WASHINGTON -- It is a political fact that all the divisive debates and massive expenditures of the early days of the Obama presidency -- from stimulus spending to bank bailouts to the nationalization of auto companies -- have been distractions from an aside within a sideshow. After hundreds of billions in new spending, Barack Obama hasn't yet gotten around to his top legislative priority: health care reform.
An economic emergency makes this understandable; it also makes health reform more difficult. With an appetizer this expensive, what will the main course cost?
Given Washington's imbalance of political power, Obamacare -- requiring employers to provide insurance or pay a fine, creating a government-operated insurance option and subsidizing the purchase of insurance for the poor -- is widely thought to be inevitable. Actually, it faces accumulating obstacles. The absence of Tom Daschle and the illness of Ted Kennedy have left a void of compelling leadership on the issue. Concerns are growing about the new public insurance option, which could undercut and crowd out private plans, gradually creating a universal Medicare. And the administration has yet to detail a realistic way to fund additional health entitlements that will cost about $150 billion a year. Obamacare should only be regarded as inevitable when someone, anyone, knows how it will be paid for.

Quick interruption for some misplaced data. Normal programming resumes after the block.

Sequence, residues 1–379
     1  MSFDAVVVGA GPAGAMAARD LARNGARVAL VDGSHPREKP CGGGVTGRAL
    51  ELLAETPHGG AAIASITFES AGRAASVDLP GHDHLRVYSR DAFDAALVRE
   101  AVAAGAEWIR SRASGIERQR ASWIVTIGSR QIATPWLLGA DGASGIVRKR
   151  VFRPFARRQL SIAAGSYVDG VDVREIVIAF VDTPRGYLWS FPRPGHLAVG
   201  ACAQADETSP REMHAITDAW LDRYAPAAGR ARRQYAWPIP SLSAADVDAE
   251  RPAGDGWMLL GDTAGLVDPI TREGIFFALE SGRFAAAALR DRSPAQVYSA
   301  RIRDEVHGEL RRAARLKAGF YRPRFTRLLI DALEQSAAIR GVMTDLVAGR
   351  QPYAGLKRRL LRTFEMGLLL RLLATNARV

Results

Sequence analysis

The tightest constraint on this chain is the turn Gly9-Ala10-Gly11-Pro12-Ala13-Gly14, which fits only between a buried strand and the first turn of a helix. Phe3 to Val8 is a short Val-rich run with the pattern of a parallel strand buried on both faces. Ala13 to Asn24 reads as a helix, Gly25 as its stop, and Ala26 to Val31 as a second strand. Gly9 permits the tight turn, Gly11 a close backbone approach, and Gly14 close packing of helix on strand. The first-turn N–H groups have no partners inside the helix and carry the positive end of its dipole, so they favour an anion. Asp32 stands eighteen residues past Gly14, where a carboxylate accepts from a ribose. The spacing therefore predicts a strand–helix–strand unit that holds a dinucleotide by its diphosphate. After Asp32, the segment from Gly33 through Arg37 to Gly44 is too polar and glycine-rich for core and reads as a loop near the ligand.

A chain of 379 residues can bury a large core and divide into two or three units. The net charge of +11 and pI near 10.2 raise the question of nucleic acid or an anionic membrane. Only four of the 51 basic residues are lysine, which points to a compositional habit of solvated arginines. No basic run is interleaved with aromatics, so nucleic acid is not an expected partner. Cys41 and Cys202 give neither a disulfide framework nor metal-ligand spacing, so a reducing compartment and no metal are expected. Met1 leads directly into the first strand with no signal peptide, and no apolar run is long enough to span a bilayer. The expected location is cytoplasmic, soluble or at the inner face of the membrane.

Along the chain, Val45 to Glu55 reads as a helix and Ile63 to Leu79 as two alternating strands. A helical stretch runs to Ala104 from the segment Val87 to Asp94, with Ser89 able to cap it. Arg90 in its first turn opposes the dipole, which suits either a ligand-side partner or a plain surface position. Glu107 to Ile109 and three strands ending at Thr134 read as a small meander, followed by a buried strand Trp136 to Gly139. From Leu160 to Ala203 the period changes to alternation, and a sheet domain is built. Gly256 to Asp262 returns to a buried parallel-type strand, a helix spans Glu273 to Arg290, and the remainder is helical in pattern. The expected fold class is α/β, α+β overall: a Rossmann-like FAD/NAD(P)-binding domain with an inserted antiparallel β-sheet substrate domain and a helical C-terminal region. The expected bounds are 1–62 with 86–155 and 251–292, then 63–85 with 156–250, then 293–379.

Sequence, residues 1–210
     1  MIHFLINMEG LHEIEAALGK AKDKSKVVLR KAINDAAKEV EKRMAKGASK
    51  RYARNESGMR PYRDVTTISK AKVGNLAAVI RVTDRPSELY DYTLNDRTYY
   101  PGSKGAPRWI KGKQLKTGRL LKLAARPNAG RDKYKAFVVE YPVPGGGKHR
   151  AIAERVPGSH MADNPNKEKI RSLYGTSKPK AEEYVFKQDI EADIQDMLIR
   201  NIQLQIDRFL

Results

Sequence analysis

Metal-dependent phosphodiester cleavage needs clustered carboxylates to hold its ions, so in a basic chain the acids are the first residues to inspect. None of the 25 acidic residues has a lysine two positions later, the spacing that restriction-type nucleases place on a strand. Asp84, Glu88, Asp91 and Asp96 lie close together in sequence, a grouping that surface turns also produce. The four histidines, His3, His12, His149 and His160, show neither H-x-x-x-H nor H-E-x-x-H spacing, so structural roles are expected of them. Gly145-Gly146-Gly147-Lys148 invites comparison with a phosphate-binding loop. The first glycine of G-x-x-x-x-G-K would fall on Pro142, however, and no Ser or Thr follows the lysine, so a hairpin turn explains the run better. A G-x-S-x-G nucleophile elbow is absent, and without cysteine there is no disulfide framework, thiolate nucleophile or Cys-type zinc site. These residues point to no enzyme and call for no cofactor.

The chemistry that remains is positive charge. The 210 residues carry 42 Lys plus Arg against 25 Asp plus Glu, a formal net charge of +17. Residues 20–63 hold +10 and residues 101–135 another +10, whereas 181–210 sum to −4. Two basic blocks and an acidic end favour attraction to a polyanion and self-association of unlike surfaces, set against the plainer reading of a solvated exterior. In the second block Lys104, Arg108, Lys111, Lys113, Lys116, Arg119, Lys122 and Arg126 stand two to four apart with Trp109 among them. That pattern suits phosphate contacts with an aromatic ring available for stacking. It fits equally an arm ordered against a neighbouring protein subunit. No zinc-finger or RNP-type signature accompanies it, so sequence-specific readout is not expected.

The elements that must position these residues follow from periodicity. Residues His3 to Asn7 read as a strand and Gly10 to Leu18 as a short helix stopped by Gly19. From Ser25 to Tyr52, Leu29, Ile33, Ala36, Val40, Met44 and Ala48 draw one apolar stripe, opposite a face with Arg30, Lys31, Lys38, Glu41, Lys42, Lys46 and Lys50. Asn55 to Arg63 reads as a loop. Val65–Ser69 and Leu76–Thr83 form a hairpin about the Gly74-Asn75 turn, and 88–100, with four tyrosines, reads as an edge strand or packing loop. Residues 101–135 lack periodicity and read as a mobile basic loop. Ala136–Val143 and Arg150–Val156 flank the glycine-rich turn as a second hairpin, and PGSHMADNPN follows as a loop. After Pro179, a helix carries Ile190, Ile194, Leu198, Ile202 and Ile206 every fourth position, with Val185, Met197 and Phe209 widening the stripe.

Republicans in Congress, however, also face an intrusive, potentially humiliating health care test. Whatever their success in challenging or blocking the Obama plan, being the "party of no" on this issue would communicate indifference to public concerns and intellectual bankruptcy.
Fortunately for Republicans, health care is an issue where conservative policy wonks have been creatively at work for a decade. Most Republican reforms involve shifting away from employer-based health insurance coverage -- replacing the massive tax breaks for companies with subsidies to individuals and families to purchase coverage on their own. Employer-based coverage, in this view, has eaten up salary increases, hidden the rising costs of health care and made workers afraid to change jobs in an economy where flexibility is essential.